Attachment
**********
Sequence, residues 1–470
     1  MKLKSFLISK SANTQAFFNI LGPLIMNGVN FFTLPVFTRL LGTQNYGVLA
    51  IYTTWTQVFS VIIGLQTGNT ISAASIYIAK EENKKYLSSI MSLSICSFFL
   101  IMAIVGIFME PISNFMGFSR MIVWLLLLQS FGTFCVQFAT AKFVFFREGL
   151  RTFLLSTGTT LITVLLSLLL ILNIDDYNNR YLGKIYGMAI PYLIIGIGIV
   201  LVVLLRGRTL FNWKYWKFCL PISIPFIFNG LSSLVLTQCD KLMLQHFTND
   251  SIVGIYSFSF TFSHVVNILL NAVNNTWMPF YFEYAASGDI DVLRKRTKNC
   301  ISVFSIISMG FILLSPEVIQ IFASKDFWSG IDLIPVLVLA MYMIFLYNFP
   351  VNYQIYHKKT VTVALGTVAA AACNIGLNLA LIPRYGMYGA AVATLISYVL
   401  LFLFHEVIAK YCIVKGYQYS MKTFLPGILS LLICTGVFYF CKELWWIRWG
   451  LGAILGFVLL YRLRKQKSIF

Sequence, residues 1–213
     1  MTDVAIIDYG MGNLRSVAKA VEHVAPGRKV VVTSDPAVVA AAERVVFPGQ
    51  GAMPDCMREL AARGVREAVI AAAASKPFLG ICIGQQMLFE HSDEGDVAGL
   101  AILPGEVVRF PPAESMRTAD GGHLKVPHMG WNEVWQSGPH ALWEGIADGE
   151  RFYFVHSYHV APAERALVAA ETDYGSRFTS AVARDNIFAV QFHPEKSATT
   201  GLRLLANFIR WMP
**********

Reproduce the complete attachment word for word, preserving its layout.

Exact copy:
Sequence, residues 1–470
     1  MKLKSFLISK SANTQAFFNI LGPLIMNGVN FFTLPVFTRL LGTQNYGVLA
    51  IYTTWTQVFS VIIGLQTGNT ISAASIYIAK EENKKYLSSI MSLSICSFFL
   101  IMAIVGIFME PISNFMGFSR MIVWLLLLQS FGTFCVQFAT AKFVFFREGL
   151  RTFLLSTGTT LITVLLSLLL ILNIDDYNNR YLGKIYGMAI PYLIIGIGIV
   201  LVVLLRGRTL FNWKYWKFCL PISIPFIFNG LSSLVLTQCD KLMLQHFTND
   251  SIVGIYSFSF TFSHVVNILL NAVNNTWMPF YFEYAASGDI DVLRKRTKNC
   301  ISVFSIISMG FILLSPEVIQ IFASKDFWSG IDLIPVLVLA MYMIFLYNFP
   351  VNYQIYHKKT VTVALGTVAA AACNIGLNLA LIPRYGMYGA AVATLISYVL
   401  LFLFHEVIAK YCIVKGYQYS MKTFLPGILS LLICTGVFYF CKELWWIRWG
   451  LGAILGFVLL YRLRKQKSIF

Sequence, residues 1–213
     1  MTDVAIIDYG MGNLRSVAKA VEHVAPGRKV VVTSDPAVVA AAERVVFPGQ
    51  GAMPDCMREL AARGVREAVI AAAASKPFLG ICIGQQMLFE HSDEGDVAGL
   101  AILPGEVVRF PPAESMRTAD GGHLKVPHMG WNEVWQSGPH ALWEGIADGE
   151  RFYFVHSYHV APAERALVAA ETDYGSRFTS AVARDNIFAV QFHPEKSATT
   201  GLRLLANFIR WMP